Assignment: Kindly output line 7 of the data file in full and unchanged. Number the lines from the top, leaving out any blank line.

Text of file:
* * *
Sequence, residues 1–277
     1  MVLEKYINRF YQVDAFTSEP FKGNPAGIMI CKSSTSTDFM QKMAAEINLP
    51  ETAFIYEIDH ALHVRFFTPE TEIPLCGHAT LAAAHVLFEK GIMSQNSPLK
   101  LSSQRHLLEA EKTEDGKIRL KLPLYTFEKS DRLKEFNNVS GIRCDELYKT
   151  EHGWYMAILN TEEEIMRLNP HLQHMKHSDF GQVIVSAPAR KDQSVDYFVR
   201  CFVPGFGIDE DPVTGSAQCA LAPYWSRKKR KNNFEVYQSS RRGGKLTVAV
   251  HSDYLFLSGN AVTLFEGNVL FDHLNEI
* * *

   251  HSDYLFLSGN AVTLFEGNVL FDHLNEI